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If Bush is serious about changing environmental laws, he should do it

The Washington Post

Given that Christine Todd Whitman was not corrupt or dogged by scandal, it is striking that her resignation Wednesday as head of the Environmental Protection Agency provoked so much rejoicing. The Natural Resources Defense Council, a prominent environmental group, declared that Whitman's tenure at EPA has been a disaster for public health and our environment. The Competitive Enterprise Institute, a group that bitterly opposes the environmental movement, declared that her resignation offered the EPA a chance to choose a leader who can bring the agency into the 21st century. While she was in office, Whitman was criticized on the right, on the left, within and outside the administration and Congress.

In large part, Whitman's unpopularity reflected just how black-and-white the environmental debate has become, polarized between environmentalists and the business lobbies that oppose them. There is always one group for whom you can never do enough and another for whom everything you do stands in the way of progress, she told us Wednesday. If everybody is unhappy, that just means you are doing your job. Hinting at the frustrations, she also confessed, however, to having been disappointed by environmentalists' lukewarm reaction to the EPA's decision to put new restrictions on off-road diesel vehicles a few weeks ago. She conceded that the EPA's issues aren't the priority of many in Congress.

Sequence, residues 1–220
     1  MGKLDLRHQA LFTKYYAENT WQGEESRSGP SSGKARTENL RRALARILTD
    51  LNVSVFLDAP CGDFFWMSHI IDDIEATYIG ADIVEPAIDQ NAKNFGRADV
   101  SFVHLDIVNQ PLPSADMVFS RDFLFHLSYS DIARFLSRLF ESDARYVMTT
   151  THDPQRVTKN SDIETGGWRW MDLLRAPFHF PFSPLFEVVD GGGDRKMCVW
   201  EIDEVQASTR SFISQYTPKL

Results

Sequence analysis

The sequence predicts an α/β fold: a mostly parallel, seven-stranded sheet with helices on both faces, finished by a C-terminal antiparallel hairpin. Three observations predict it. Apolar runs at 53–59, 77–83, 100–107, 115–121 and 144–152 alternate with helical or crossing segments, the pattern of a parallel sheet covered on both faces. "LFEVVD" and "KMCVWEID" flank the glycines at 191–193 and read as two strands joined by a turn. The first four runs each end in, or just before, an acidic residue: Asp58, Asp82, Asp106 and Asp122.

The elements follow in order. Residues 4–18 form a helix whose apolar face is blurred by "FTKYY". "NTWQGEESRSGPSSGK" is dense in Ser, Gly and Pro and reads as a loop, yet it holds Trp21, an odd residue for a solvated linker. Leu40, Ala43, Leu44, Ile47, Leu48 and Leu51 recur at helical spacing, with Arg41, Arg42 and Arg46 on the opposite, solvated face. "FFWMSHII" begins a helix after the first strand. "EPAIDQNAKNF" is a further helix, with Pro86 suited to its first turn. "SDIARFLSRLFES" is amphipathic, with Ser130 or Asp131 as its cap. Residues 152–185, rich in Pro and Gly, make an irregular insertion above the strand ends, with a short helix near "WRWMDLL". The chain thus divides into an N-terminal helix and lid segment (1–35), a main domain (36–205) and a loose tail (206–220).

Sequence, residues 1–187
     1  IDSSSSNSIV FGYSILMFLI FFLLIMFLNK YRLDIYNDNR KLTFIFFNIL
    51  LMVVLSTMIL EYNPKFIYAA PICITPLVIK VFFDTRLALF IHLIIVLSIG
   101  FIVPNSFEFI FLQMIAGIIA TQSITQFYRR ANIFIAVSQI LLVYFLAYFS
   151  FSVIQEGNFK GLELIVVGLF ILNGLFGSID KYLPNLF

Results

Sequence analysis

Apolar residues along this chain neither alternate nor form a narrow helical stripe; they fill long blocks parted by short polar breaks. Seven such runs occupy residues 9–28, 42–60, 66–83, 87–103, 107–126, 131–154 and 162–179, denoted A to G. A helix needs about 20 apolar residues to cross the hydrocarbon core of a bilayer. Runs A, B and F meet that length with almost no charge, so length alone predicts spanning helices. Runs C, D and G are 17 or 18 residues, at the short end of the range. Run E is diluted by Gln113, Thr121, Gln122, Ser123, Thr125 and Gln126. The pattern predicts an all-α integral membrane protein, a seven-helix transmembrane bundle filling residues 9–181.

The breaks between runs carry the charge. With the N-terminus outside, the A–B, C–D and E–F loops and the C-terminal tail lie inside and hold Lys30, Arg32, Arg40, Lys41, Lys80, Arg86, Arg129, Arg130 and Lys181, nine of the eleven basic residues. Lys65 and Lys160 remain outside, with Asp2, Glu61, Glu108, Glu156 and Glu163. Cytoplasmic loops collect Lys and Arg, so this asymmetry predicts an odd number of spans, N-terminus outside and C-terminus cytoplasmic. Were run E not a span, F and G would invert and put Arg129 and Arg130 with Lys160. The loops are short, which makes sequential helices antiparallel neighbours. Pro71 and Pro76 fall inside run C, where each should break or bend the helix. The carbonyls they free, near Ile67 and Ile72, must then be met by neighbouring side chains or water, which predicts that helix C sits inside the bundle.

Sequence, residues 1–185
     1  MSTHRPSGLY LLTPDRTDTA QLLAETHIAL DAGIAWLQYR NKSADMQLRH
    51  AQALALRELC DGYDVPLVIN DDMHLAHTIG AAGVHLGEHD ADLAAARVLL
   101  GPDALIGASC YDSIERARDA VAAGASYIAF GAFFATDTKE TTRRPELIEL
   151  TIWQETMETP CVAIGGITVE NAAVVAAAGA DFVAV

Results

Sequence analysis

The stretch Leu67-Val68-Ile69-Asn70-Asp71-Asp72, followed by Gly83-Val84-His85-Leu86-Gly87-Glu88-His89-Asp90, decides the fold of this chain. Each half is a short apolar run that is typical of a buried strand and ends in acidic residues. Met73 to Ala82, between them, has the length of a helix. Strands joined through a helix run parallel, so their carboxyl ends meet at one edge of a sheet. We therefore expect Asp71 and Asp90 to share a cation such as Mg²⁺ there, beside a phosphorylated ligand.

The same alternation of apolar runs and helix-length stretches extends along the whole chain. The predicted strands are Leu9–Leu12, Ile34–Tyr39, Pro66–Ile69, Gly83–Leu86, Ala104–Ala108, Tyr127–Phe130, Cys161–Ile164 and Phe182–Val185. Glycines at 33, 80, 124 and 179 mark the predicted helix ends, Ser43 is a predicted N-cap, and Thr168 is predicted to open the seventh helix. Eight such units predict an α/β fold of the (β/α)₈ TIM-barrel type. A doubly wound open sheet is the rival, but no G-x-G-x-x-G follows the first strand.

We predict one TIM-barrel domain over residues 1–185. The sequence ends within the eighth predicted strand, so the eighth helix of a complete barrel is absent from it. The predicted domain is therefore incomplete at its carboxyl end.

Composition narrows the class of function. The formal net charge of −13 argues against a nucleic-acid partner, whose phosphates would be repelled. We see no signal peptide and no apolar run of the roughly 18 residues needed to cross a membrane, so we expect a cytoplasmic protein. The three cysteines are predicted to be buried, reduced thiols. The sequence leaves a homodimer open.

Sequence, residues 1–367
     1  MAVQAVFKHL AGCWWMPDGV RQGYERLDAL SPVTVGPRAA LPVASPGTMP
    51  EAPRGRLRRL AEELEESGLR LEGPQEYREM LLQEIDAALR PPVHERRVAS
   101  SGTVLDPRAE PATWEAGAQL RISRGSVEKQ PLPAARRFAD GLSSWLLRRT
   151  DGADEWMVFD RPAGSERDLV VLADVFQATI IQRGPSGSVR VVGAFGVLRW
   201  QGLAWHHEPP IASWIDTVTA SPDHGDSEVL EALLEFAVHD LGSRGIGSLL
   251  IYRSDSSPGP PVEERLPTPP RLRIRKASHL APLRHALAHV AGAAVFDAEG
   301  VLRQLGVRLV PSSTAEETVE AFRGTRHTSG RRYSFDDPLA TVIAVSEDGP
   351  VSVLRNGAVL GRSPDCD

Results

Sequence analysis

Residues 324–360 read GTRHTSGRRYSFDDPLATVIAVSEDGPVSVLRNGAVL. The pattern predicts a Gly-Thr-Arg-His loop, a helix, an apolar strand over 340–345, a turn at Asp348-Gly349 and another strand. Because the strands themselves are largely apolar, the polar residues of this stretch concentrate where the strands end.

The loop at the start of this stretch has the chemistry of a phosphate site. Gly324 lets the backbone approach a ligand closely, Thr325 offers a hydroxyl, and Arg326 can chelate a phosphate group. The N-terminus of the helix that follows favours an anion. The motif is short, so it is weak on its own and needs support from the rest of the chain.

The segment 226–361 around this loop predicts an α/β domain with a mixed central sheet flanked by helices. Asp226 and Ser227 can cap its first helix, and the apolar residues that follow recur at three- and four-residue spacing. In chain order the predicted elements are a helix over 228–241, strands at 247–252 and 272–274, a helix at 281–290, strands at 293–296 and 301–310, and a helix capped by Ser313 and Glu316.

But Whitman's unpopularity also reflected the ambiguity of this administration's environmental policy. Soon after taking office, she told an international gathering that President Bush would begin exploring ways to control the carbon-dioxide emissions that have helped create global warming, as he had promised during his campaign. Two weeks later, the president reneged on that promise. In the months that followed, Whitman seemed out of step with a mercurial White House. Important regulatory changes were often issued late in the afternoon on a Friday, without comment from the administrator. Occasionally she or her aides hinted that she was doing her best to fight for environmental causes from within. At times it seemed as if Whitman had been appointed merely to make the Bush administration seem more interested in the environment, or at least in traditional environmentalist solutions, than it was. Yet if she really disagreed with some of the decisions, it seems strange that Whitman stayed in her job as long as she did.

Now, given the built-in handicaps, who will want to replace her? It's hard to imagine anyone with an environmentalist background wanting the job ' and hard to imagine another moderate achieving any more than she did. In fact, the White House ought to take a deep breath and appoint someone whose environmental philosophy closely mirrors that of the president: If the administration does want to alter environmental policy, it should do so in the open and not by stealth, behind the back of ' or in opposition to ' the EPA administrator. The president should argue his case openly, and the issues should be debated loudly, in public rather than behind the scenes.